Mr. Cleland, you are my new hero

Max Cleland is a former Georgia senator. He lost his bid for re-election after his opponent, Saxby Chambliss, ran negative ads placing Cleland alongside pictures Osama bin Laden and Saddam Hussein, and attacking him for voting against the Bush's homeland security bill.

It should be pointed out that Cleland supported a similar homeland security bill different from the president's. And that he lost three of his fucking limbs in Vietnam. (And, as my wife pointed out, the fact he lost to a man named "Saxby Chambliss" should tell you everything you need to know about his opponent.)

Now, predictably, he is "angry, bitter, and disgusted with politics," which makes for some great quotes. The level of vitriol he spews in this article about Washington and politics is simply invigorating. I seriously want to take this guy to dinner. If I had some kind of website award to give out, it would go to Cleland. Hell, I should just call it "The Maxie." Here's a sampling of quotes from the article, which you must read.

"I volunteered 35 years ago to go to Vietnam and the guy I was running against got out of going to Vietnam with a trick knee! I was an author of the homeland security bill, for goodness' sake! But I wasn't a rubber stamp for the White House. That right there is the epitome of what's wrong with American politics today!"


"I voted for [war in Iraq] because I was told by the secretary of defense and by the CIA that there were weapons of mass destruction there," he says. "The president said it, Colin Powell said it, they all said it. And now they can't find them! Our general over there, who has no dog in this fight, he said he sent troops all over the place and they found two trailers and not much of anything else. So we went to war for two trailers?"


"Now wait a minute," he says. "Let me run this back: We have a war. A bunch of Americans die. After the war, we try to figure out why we were there. There's a commitment of 240,000 ground troops with no exit strategy. You know what that's called? Vietnam! Hey, I've been there, done that, got a few holes in my T-shirt."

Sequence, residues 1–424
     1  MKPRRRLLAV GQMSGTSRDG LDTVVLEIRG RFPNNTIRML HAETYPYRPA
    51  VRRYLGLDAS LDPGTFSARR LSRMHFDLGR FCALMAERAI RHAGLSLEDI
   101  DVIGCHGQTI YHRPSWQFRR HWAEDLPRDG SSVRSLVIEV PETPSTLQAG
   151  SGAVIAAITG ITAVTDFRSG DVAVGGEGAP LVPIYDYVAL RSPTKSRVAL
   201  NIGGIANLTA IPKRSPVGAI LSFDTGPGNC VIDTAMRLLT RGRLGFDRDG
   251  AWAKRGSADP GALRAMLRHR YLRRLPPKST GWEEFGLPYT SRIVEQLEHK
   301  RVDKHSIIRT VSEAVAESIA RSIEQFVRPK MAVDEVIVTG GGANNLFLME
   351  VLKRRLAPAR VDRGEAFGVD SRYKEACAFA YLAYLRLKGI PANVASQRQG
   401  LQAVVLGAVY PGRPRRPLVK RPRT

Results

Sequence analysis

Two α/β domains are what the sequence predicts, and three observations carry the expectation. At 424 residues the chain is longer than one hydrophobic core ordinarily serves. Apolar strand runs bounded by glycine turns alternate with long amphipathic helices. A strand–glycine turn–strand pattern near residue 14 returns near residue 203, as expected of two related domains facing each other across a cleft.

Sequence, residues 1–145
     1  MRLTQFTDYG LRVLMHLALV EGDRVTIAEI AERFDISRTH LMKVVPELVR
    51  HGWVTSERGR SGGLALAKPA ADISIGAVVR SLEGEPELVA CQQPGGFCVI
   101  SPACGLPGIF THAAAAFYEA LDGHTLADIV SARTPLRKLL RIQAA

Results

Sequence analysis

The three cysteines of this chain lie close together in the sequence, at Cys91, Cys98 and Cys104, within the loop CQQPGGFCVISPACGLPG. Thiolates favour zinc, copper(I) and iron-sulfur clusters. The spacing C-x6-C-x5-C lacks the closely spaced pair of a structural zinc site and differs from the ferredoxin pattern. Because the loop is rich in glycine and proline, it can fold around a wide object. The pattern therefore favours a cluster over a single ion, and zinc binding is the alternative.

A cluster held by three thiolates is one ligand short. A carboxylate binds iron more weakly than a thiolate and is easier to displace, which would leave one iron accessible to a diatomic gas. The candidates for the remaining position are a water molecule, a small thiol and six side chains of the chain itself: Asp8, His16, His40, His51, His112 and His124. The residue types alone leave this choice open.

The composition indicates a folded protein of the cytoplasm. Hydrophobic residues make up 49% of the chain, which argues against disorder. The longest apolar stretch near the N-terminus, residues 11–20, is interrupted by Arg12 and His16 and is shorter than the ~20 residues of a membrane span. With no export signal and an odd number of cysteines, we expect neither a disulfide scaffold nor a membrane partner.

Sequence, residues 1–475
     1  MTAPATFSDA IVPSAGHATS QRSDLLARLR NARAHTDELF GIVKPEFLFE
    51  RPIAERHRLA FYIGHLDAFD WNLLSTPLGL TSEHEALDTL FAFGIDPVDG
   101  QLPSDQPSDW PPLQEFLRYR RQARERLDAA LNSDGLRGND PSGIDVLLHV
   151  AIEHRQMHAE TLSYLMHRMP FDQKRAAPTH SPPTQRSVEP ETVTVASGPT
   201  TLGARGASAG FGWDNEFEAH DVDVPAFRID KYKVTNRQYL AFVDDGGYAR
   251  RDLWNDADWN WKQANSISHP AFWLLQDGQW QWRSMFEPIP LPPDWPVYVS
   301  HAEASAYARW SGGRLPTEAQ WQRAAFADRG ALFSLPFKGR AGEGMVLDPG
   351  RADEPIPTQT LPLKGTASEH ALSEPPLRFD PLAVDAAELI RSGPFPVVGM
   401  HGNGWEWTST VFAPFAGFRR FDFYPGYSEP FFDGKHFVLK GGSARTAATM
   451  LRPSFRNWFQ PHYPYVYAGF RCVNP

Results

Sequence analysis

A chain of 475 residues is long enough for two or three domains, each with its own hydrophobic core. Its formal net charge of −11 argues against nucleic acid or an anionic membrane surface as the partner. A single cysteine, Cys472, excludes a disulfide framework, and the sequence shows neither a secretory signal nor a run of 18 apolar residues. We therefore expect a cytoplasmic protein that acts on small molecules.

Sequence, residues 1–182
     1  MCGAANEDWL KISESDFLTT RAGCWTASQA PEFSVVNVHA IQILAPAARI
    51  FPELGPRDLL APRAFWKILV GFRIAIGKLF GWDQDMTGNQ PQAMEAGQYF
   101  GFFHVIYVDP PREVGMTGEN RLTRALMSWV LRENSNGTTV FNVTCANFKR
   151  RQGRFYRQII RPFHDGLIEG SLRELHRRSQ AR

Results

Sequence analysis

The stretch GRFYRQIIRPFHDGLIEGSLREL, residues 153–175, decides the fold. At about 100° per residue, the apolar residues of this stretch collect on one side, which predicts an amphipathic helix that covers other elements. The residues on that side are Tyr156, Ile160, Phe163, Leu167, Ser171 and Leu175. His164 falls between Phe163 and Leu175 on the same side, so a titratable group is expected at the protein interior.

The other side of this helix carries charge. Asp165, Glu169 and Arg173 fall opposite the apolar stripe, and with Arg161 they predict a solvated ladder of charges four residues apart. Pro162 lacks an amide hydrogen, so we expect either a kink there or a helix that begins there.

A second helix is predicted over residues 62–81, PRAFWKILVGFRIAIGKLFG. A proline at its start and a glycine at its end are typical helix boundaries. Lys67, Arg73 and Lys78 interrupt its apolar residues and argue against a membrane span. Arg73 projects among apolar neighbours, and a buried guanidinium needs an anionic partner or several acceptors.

In December, Cleland and Ross went to a Washington restaurant for dinner and left Cleland's 1994 Cadillac -- equipped with controls for a handicapped driver -- with a parking attendant. Confused by the controls, the attendant smashed the car into a truck, three other cars and a telephone pole. The Cadillac was totaled.


[American University's David Brown:] "He really was down. He'd had everything -- a car, a staff and people who took care of him. Now he didn't even have an office. He told me he was using an office in the basement of his apartment building and he said, 'They're gonna take that away to use for a Super Bowl party.' "
So an apartment building somewhere in Washington kicked out a disabled Vietnam veteran and former senator from his office so they could host a Super Bowl party. Reprehensible.

He announced that he'd provide cookies and coffee for the class, which meets Wednesday afternoons, and recommended frequent snacking.

"Keep your energy up because this is an energy-draining town," he said. "Just being here is draining. Being a target is draining. So keep your energy up."


"You never know what will happen in Washington," he told the class. "In so many ways, it's combat. Sometimes it's low-level combat, sometimes it's high-level. Sometimes you're the target, sometimes you're targeting somebody else. It's a target-rich environment, as they say in the military."


Socializing is important, Cleland told them, and he promised the class a social event every week. He appointed Dustin Odham, a Southern Methodist student with a mischievous gleam in his eye, to lead a "recon squad" to find appropriate watering holes.

"You gotta make sure it's safe for the troops," he told Odham, "so you gotta go there first."


"You'll have rejection. Everybody won't love you. Believe me, I know. It's nothing personal. It's just the way Washington works."


"I wanted to learn how interest groups influence government," said Jolana Mungengova, a PhD candidate from Boston University.

"Money," Cleland told her. "That's it. It's all about money, and it's out of control."


"Let me give you a quote from President Kennedy," Cleland told Jones. "He said, 'I'm an idealist with no illusions.' You'll begin to lose your illusions about things, but that doesn't mean you'll lose your ideals. That's part of life, but it doesn't mean you have to lose your ideals."
I am in awe of this man. I've got to take him to dinner. Somebody please get me his e-mail address.

Wow. Great article.

No comments:

Post a Comment